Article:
Canadian Journal of Philosophy 33 (4):575-598 (2003)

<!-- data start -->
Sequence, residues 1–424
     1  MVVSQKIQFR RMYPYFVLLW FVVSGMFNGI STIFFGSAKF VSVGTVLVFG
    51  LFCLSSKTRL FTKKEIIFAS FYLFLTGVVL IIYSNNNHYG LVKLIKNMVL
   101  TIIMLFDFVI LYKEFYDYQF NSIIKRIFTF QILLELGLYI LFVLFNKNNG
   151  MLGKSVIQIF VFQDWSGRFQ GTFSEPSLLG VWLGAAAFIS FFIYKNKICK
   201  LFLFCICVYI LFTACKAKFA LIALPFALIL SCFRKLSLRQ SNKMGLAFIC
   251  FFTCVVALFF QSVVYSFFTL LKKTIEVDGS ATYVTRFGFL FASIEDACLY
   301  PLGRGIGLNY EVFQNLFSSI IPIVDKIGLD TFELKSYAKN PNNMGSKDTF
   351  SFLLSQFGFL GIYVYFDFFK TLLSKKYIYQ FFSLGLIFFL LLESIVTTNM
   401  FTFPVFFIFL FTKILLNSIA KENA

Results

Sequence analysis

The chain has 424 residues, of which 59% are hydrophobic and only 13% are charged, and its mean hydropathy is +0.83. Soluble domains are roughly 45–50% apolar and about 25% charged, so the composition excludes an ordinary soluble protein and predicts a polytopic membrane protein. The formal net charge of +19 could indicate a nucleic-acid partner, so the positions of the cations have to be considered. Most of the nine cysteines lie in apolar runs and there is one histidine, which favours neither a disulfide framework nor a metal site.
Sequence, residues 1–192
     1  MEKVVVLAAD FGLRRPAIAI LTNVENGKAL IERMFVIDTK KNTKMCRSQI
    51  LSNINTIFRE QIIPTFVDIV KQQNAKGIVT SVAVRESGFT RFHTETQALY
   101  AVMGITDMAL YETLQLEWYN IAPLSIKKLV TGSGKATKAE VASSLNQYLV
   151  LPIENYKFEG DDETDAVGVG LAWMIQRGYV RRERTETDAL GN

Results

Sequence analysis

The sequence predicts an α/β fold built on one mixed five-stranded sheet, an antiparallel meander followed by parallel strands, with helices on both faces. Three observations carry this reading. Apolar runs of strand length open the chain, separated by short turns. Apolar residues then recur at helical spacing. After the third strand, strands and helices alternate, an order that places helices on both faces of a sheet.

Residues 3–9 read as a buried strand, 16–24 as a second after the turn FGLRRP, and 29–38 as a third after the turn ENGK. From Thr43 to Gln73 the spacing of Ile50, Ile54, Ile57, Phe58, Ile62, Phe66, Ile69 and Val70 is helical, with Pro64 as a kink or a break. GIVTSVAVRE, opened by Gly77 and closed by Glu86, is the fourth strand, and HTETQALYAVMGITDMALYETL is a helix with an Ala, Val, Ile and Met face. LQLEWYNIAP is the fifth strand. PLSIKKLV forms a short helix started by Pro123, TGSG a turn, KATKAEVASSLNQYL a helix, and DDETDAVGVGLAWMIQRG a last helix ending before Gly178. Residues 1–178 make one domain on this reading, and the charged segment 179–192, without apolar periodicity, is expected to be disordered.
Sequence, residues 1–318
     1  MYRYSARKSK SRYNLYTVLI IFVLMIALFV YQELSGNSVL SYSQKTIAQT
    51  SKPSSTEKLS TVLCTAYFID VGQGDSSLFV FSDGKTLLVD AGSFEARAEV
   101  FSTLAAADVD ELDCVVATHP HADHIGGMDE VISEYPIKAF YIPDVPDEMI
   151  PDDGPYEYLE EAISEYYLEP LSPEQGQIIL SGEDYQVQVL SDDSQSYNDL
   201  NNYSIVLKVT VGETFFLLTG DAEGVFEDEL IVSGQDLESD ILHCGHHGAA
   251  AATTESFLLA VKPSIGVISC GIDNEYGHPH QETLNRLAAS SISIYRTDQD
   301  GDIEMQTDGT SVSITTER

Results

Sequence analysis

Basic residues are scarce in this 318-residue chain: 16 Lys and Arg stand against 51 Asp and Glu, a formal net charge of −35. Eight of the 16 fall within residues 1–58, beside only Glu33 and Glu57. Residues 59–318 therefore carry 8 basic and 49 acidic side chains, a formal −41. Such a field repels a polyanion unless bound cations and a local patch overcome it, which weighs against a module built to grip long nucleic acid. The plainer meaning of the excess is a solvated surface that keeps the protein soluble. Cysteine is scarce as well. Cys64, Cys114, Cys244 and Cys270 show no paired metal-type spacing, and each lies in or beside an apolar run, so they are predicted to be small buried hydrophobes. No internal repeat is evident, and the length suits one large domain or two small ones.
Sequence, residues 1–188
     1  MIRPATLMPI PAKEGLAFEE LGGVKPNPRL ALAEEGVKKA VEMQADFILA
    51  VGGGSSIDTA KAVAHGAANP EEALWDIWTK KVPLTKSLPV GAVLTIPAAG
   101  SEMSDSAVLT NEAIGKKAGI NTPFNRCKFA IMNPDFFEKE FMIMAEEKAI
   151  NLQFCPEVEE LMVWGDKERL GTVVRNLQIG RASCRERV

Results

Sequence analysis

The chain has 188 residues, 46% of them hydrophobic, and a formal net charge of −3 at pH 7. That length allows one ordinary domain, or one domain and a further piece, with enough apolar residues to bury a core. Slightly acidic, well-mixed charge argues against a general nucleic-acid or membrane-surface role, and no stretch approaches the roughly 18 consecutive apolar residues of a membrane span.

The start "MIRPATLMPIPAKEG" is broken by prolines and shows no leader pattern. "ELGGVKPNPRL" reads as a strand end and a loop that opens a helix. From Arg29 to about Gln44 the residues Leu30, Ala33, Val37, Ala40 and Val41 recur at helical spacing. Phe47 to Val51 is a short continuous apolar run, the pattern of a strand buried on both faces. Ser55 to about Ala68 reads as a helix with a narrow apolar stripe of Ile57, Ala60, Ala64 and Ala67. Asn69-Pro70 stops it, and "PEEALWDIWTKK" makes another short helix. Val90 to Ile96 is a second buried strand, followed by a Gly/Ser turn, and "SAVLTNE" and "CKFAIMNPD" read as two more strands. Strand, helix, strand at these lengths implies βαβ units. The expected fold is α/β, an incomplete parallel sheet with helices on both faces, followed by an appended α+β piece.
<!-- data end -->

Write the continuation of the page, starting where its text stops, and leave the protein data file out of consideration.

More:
AbstractIn his Art and Knowledge, the distinguished Canadian philosopher of art, James O. Young, takes on the daunting task of defending his opening claim that ‘every item properly classified as a work of art can contribute to human knowledge’. His assertion is a general one, intended to apply to any and every prospective artwork, not merely to sub-genres like the moral novel or the ‘Shock-Headed Peter’ school of didactic bedtime terror-fest. Thus, according to Young, works such as The Well-Tempered Clavier and Vermeer’s Officer and Laughing Girl do not qualify as art unless they can provide knowledge about topics that are important to us as human beings. A work does not become artworthy by inspiring us to meditate, ruminate, or reflect unless the work also leads us to true beliefs that are, in some sense, justified. Furthermore, it’s not enough for a work to provide knowledge about, say, abstruse issues in eighteenth-century counterpoint or the cult of painterly flatness; to count as art, a work must, in some way, supply answers to questions that are important to us as human beings living in the world. Young also argues that artworks have their own method of conveying knowledge. Hence, he buttresses his cognitive definition of art with an epistemology of art.
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